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Hands-on with the Sony Alpha a9


Hands on with the Sony a9 (ILCE-9)

Hands-on with the Sony Alpha a9 1

We got a chance to get our hands on the Sony alpha 9 immediately after its announcement. Our first reaction? Continuous shooting with full time live view isn’t a gimmick: you can follow the action without any interruption. 

Hands on with the Sony a9 (ILCE-9)

Hands-on with the Sony Alpha a9 2

It feels more substantially built than the existing a7 cameras, but without it becoming hefty. Sony says the a9 is ‘well sealed – especially around most buttons and dials’ for dust and moisture resistance. Whether it’s up there with the Canon EOS-1D X Mark II or Nikon D5 remains to be seen.

The camera’s grip is a little deeper than the a7 cameras, which means it’s more comfortable to hold with larger, heavier lenses such as the 24-70mm F2.8 GM.

Hands on with the Sony a9 (ILCE-9)

Hands-on with the Sony Alpha a9 3

Despite the fairly radical specifications, the a9 retains the same fundamental form factor as the existing series II a7 cameras. However, as you’ll be aware if you were following the camera’s launch, just about everything inside the body shell has been revised to optimize speed.

Hands on with the Sony a9 (ILCE-9)

Hands-on with the Sony Alpha a9 4

Here’s just some of the cleverness that lives inside the camera: the processing board with twin SD card slots, a 3.7m dot OLED viewfinder and a beefed-up lens mount with more screws for greater strength and durability. But the big news is the 24MP stacked CMOS sensor, mounted on a 5-axis stabilized cradle.

The 24.2MP stacked CMOS design includes memory for buffering immediately behind each pixel. This and the (comparatively) modest pixel count are key to the camera’s fast readout, which underpins the camera’s two headline features: 20 frames per second shooting and an electronic shutter with minimal rolling shutter.

Hands on with the Sony a9 (ILCE-9)

Hands-on with the Sony Alpha a9 5

Although it looks a lot like an second-generation a7 series camera, the a9 features a range of improvements, many of them things that photographers (including us) have been requesting for some time.

The most obvious of these is the AF point joystick on the camera’s rear panel. This and the dedicated AF-On button will be immediately welcomed by anyone who’s shot with an existing Sony camera.

There have been changes to the elements that have been carried over too. For example, the dial on the rear plate of the camera is larger and has more noticeable ‘clicks’ as you turn it, making it far easier to use with precision. The buttons also have a more direct feel, rather than the slightly spongy sensation of the ones on the existing models.

Hands on with the Sony a9 (ILCE-9)

Hands-on with the Sony Alpha a9 6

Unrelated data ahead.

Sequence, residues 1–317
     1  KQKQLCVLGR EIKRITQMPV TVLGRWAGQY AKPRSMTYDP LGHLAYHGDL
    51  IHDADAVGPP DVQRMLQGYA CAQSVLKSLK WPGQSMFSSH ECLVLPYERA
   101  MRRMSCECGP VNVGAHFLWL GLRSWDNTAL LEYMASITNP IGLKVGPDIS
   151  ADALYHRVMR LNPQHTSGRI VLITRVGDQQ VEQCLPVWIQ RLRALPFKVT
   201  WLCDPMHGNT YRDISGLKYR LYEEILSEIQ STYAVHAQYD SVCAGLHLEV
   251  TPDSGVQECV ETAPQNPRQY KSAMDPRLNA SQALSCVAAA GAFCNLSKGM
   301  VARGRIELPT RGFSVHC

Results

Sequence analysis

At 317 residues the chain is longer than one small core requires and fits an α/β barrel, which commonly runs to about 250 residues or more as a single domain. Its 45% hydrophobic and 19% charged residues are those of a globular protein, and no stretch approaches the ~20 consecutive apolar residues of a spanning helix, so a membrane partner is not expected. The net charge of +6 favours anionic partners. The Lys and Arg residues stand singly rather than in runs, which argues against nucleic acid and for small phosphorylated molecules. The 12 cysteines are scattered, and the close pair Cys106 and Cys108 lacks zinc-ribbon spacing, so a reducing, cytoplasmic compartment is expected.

Our first impressions of the camera are that everything is that bit faster. Startup time is reduced, as is the speed at which the viewfinder panel is activated when you pull the camera up to your eye.

We’re also impressed with the new quad VGA viewfinder. Its offers a crisp, detailed view and fast enough refresh rate to follow action.

Hands on with the Sony a9 (ILCE-9)

Hands-on with the Sony Alpha a9 7

Other changes include the addition of a physical control for switching between MF and the camera’s different AF modes. This, along with the ability to assign AF area modes to the camera’s custom buttons, should make the a9 as quick to operate as it is at shooting.

Hands on with the Sony a9 (ILCE-9)

Hands-on with the Sony Alpha a9 8

The a9 uses a new battery. The ‘Type Z’ NP-FZ100 is about the same size as the existing batteries but offers 16.4Wh capacity, up from 7.7Wh in the older, ‘W’ type packs used in previous models. This allows the camera to achieve a rating of 650 shots per charge, based on CIPA standard tests.

As always, it’s quite common to be able to get many more shots out of a battery than the rating suggests, but the higher rating should mean the a9 will regularly be able to shoot for twice as long as most of the a7 series before needing a battery swap.

Hands on with the Sony a9 (ILCE-9)

Hands-on with the Sony Alpha a9 9

The ports on the camera’s left flank are all fairly familiar: headphone, mic, USB and HDMI. What’s slightly unexpected is that, despite the camera’s speed, the USB port is only version 2, rather than the much faster USB 3.

As you can see, the doors aren’t especially substantial, which is presumably why Sony isn’t making particularly strong claims about weatherproofing.

Hands on with the Sony a9 (ILCE-9)

Hands-on with the Sony Alpha a9 10

The a9 is the first Sony to feature an Ethernet port, making clear its pitch-side intentions.

We’re surprised to see a traditional flash sync socket, for studio work. We’d expect that of Sony’s current models, the higher-resolution a7R II (which, curiously, lacks a flash sync socket) would appeal more to studio photographers. A hint perhaps that there’s a higher-resolution a9-series body on the way…

Hands on with the Sony a9 (ILCE-9)

Hands-on with the Sony Alpha a9 11

An optional VG-C3EM battery grip doubles the camera’s battery life. The grip itself holds two batteries but fills the battery compartment, meaning you end up with two batteries in total, rather than three. Still, a rating of around 1300 shots per charge with two batteries puts the a9 will into DSLR territory in terms of longevity.

What do you make of the Sony a9? Let us know in the comments.



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